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Where Will The Money For Your Next Home Purchase Come From?

Where can aspiring homebuyers find the extra cash they need to purchase a house?

This is a great time to buy a home. Yet, just because hopeful homebuyers recognize the opportunity, doesn’t mean it is as easy as TV makes it out to be. Having said that, some people are finding it difficult to fund their next purchase. If this is you, don’t worry. You are not alone. A lot of Americans are having problems saving enough for a down payment or to cover closing costs. For others, it is about biting the bullet on slightly higher payments so that they may own instead of rent. Or, maybe it is just moving expenses. Either way, cash can be a significant obstacle. So where do you come up with that cash?

In many cases, homebuyers don’t need as much money as they think. Down payment requirements continue to drop, even on more traditional types of mortgage loans. Even without getting into creative financing, and alternative mortgages for real estate investors, many will find they need 3.5 percent of the purchase price or less down. Closing costs can normally be financed. If you haven’t done the math on how cheap today’s low interest rates make monthly house payments, you should look into it. Chances are, even with mediocre credit and an average income you could get into a $230,000 home or condo with $0 to $10,000 down, and for between $1,000 and $2,000 a month. However, what if you do need a little more cash, or help affording the payments?

Finding the Down Payment

What if you do need  a higher down payment to buy the home you want? There are probably more places to find it than you think. Saving is normally a terrible and futile option. Yes, there are some probably having a panic attack at this comment, because they have heard the opposite. But the truth is that it is really hard to save fast enough to keep ahead of the market. Right now you’d have to save faster than home appreciation, inflation, and interest rate hikes. They are all working against your savings account. That’s while living costs are rising and rent is going up.

Friends and family may be a much better resource than you think. Many people don’t feel great about asking those closest to them for money, but it is all in how you look at it, and present it. Right now, interest and returns on everything except for real estate are really non-existent. If you can borrow the down payment at even five percent interest for a short period, you’ll be doing them a huge favor. There are even websites where you can raise or borrow cash from an even larger pool of your peers.

Do you have a 401k or IRA? You may be able to borrow against your retirement account or use some of it towards a down payment. After all, you’ll need housing in retirement too. Talk to your tax person, and you may not wind up with any net penalty for the move.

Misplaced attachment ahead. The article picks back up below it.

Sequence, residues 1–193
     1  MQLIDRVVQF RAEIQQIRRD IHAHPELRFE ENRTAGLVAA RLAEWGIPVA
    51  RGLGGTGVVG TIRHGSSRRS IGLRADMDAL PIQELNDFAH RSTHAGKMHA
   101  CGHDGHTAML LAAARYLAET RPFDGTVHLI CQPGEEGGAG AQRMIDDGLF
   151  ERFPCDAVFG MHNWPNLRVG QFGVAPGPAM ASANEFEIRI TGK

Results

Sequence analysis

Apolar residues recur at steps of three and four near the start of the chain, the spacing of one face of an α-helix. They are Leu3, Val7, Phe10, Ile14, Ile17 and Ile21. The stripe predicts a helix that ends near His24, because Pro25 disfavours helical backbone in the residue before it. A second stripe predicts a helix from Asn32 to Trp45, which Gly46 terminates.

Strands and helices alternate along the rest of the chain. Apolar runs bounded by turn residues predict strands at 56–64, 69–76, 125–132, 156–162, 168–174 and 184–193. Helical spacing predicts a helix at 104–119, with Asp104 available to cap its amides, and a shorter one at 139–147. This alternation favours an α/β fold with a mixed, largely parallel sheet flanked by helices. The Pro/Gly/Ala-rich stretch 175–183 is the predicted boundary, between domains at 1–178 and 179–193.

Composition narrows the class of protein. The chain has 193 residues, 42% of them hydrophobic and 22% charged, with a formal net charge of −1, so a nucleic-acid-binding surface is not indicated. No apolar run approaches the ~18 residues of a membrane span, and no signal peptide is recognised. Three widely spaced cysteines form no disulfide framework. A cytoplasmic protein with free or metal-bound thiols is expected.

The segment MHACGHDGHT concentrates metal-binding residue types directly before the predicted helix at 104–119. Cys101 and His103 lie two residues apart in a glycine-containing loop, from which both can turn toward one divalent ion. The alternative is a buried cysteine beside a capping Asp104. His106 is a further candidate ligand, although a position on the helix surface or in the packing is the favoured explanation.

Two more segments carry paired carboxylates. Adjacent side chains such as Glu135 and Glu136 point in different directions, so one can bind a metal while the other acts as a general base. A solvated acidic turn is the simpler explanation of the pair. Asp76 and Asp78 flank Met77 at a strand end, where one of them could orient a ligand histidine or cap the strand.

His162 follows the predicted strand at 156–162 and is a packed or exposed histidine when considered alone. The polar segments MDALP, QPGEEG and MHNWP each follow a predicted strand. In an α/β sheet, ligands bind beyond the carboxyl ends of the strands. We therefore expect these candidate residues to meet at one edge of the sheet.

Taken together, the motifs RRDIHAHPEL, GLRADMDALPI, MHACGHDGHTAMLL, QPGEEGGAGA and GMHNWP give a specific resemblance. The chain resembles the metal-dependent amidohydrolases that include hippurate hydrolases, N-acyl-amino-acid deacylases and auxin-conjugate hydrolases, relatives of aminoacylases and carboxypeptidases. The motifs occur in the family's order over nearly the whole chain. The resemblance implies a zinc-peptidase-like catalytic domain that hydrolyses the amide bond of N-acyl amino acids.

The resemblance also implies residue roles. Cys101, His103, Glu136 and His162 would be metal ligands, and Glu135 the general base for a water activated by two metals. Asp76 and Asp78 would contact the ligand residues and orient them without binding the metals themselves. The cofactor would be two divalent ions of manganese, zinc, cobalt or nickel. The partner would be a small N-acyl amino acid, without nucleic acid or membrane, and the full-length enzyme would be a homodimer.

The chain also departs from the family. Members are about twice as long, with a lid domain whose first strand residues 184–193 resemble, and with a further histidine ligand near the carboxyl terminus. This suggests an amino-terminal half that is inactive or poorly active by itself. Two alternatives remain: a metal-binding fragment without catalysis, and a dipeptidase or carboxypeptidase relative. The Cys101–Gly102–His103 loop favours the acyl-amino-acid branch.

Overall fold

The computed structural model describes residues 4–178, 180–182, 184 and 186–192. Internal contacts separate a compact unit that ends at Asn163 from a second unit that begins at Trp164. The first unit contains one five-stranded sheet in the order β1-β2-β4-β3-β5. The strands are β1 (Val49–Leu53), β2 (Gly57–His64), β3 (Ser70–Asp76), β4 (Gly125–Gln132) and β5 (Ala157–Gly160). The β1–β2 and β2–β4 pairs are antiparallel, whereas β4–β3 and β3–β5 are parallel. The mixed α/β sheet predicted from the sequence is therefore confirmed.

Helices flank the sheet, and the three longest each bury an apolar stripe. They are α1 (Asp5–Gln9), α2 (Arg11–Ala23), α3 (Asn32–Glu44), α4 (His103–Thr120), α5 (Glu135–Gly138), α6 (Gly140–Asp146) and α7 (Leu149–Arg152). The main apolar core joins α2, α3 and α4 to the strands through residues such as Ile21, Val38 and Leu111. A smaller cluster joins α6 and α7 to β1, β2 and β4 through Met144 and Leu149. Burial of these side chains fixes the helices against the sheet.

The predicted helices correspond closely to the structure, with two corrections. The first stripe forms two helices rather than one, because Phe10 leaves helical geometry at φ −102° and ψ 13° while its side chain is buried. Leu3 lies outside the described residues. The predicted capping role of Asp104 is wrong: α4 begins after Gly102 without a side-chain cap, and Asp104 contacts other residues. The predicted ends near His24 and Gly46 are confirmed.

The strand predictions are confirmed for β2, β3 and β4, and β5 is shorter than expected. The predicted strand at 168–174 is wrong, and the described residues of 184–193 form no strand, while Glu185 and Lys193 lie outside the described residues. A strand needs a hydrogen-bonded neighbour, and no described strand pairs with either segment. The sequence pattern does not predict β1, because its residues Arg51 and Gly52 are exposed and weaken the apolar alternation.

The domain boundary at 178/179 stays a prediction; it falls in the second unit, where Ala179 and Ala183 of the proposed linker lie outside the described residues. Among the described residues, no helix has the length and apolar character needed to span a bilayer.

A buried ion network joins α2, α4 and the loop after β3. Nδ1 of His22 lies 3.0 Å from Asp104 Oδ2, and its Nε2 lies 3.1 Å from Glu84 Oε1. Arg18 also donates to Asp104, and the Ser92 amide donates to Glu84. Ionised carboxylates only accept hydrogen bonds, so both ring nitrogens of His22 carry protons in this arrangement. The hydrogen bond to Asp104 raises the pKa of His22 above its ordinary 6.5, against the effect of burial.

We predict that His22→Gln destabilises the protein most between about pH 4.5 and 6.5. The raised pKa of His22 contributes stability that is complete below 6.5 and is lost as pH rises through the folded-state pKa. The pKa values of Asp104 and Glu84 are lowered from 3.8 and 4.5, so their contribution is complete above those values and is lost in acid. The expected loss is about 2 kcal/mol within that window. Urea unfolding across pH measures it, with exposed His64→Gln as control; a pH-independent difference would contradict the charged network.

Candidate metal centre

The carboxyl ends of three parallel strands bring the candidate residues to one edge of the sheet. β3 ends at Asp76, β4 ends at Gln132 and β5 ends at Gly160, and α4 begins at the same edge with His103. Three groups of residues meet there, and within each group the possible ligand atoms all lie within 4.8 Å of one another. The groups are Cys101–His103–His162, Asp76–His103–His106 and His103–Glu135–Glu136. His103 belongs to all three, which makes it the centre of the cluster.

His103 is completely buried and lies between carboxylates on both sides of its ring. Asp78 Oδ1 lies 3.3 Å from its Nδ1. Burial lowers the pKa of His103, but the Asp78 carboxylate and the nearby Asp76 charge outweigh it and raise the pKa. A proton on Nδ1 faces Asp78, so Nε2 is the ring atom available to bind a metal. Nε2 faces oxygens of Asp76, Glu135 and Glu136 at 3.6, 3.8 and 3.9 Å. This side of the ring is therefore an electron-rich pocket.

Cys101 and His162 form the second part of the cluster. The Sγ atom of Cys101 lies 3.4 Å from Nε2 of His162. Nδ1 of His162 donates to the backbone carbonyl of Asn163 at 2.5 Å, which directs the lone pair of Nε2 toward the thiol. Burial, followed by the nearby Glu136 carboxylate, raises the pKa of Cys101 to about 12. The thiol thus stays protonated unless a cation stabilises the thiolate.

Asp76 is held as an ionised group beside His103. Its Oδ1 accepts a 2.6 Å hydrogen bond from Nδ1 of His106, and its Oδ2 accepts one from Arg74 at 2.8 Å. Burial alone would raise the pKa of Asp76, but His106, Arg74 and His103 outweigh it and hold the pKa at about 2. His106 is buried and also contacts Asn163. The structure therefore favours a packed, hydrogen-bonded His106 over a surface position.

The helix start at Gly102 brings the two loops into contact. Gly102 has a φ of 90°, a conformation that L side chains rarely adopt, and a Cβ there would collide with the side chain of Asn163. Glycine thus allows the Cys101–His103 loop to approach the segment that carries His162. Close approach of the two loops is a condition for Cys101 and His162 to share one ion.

Then there are down payment grants. There are thousands of down payment assistance programs and grants across the United States. Some offer low rate loans with deferred payments. Others are true grants that give you instant equity in your new home and reduce the amount you need to borrow.

Finding the Income to Buy a House

What if the house you really want is going to cost a little more than you want to pay each month? Perhaps you have a young business, got out of school recently and are just getting warmed up in a career. None of these should be a reason to pass on a good opportunity. What can you do then?

Can you take a side gig for a while? How about doing some freelance consulting in your field at high hourly rates in your spare time? Or maybe you can get a part time job where you can double dip on discounts on things for your home? That could be a home improvement store, builder supply store, service company, furniture store, or something else.

If you have the cash, or the seller will contribute to your closing costs, you could buy down the interest rate, and lower the payment. Many also tackle this by taking an adjustable rate mortgage. Just make sure this isn’t going to put you in a worse position in a few years from now.

Start Modest, Upgrade Later

How about buying the house you can afford now, and upgrading later? There are a couple ways to tackle this. It could be buying a modest home, and then getting a home equity loan to expand the property and remodel as the value of your property rises. Or this can be done as you set aside more cash.

The bottom line is that it is a great time to buy a home. You may need less money than you think, and even if you don’t, there are a lot of resources and creative solutions to be tapped.

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